Grace's Guide To British Industrial History

Registered UK Charity (No. 115342)

Grace's Guide is the leading source of historical information on industry and manufacturing in Britain. This web publication contains 163,368 pages of information and 245,906 images on early companies, their products and the people who designed and built them.

Grace's Guide is the leading source of historical information on industry and manufacturing in Britain. This web publication contains 147,919 pages of information and 233,587 images on early companies, their products and the people who designed and built them.


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Advertising sign.

of Chiswell Street, near Finsbury Square (1862)

1742 Whitbread and Co was set up by Samuel Whitbread who established a partnership with Godfrey and Thomas Shewell in 1742 but has since ended its brewing activities. Whitbread and Shewell established two breweries, the Goat Brewhouse in the City of London, making porter, and the Brick Lane Brewery of the East End of London, producing paler beers.

1750 Godfrey Shewell withdrew from the partnership as Thomas Shewell and Samuel Whitbread borrowed more to buy the large site of the derelict King's Head brewery in Chiswell Street in 1750. The new brewery, the first purpose-built mass-production brewery in Britain, was specifically for a single product, porter, the basis for the vast brewing enterprises then being developed in London by Henry Thrale and Sir Benjamin Truman. It was named the Hind's Head brewery after the Whitbread family coat of arms.

From the outset Samuel Whitbread was the leading partner financially, solely responsible for the management.

By 1760, it had become the second largest brewery in London (producing almost 64,000 barrels annually).

c1761 Samuel Whitbread bought out Thomas Shewell for £30,000 and the brewery became one of the largest brewers of porter in London.

Great expansion ensued, with such notable innovations as vast underground cisterns containing 12,000 barrels of porter, designed by John Smeaton.

1785 The brewery was the second to employ a steam engine (purchasing a sun and planet gear engine from Boulton and Watt which was still working in 1865).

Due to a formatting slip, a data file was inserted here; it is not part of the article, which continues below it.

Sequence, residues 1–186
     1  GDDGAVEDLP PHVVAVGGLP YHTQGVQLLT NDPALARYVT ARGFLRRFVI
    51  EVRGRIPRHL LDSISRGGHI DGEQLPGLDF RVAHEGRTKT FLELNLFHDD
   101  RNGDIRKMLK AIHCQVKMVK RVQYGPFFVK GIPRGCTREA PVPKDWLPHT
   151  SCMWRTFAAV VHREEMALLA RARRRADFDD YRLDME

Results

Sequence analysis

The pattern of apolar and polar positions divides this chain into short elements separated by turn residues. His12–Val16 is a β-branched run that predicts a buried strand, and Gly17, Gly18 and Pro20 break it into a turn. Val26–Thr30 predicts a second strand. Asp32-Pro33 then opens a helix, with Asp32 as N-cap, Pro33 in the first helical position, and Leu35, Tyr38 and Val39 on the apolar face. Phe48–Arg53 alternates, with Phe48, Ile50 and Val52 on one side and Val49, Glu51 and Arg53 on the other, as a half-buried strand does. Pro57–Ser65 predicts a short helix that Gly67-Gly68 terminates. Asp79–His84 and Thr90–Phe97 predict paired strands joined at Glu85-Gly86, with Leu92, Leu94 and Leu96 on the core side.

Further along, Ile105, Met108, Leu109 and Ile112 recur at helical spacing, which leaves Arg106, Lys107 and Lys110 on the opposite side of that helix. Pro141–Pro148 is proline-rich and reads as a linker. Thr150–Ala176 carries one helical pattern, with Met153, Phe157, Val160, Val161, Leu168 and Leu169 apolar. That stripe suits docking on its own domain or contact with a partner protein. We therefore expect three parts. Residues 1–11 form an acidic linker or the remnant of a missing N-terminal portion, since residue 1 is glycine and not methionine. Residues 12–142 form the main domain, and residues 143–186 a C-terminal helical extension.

1787 Produced 150,280 barrels

In May 1787 the brewery was visited by King George III and Queen Charlotte. James Watt was on hand to explain his engine.

1796 Whitbread's business was London's biggest producer of beer, producing 202,000 barrels. Key employees were Broughton Maysey, Jacob Yallowly, Robert Sangster and ? Green the chief brewer.

1799 The name Whitbread and Co was taken on.

1800 Additional partners joined the company - Benjamin Hobhouse, Jacob Whitbread and Joseph Godman

1812 Combined with Martineau and Bland; John Martineau, Joseph Martineau became partners of Samuel Whitbread (junior)

1815 Partners were William Wilshere, John Farquhar, John Martineau, Joseph Martineau and Michael Bland. [1]

1819 William Henry Whitbread and Samuel Charles Whitbread joined the partnership

1828 Richard Martineau joins as a junior partner

1831 John Cam Hobhouse becomes a partner

1868 Introduced bottled beer

1889 Became a company. At this time there were 60 licensed houses of which 21 were leasehold, 29 under mortgage and 10 freehold.

c.1930 Acquired Jude, Hanbury and Co, bringing in the Mackesons business

1948 Public issue of shares

Whitbread and Co went on to introduce many brands to the UK market, such as Stella Artois and Heineken, alongside its own brands, which grew in popularity in the second half of the 20th century, before declining in the 1990s as people migrated to more international brands such as Fosters and Budweiser.

1961 Acquired Flower Breweries

1964 Acquired Dutton's Blackburn Brewery

1976 The final brewing of beer at the Chiswell Street premises took place.

c.1980 Formed a new company with Bass called Britannia Soft Drinks that would handle the soft drinks interests of the 2 groups; Bass was the major partner and would manage the business[2]

1989 Acquired Boddingtons

1991 Grand Metropolitan sold 115 Berni Inns and 35 managed public houses to Whitbread; Grand Met kept 58 Berni Inns which could continue to trade under that name for one year.[3][4]

2001 After a long history of brewing, the company, now known as Whitbread Group Plc decided to sell all its breweries and brewing interests (Whitbread Brewing Company) to Interbrew, now known as InBev.

2002 Whitbread sold its pub estate, known as the Laurel Pub Company, to Enterprise Inns, concentrating instead on its hotel (Premier Inns) and coffee-house (Costa) interests.

See Also


Sources of Information

  1. Whitbread's Brewery. Published by Whitbread and Co 1951.
  2. 1981 Whitbread Annual report
  3. The Times Nov. 22, 1990
  4. The Times Jan. 18, 1992
  • [1] Wikipedia
  • "Trademarked. A History of Well-Known Brands - from Aertex to Wright's Coal Tar" by David Newton. Pub: Sutton Publishing 2008 ISBN 978-0-7509-4590-5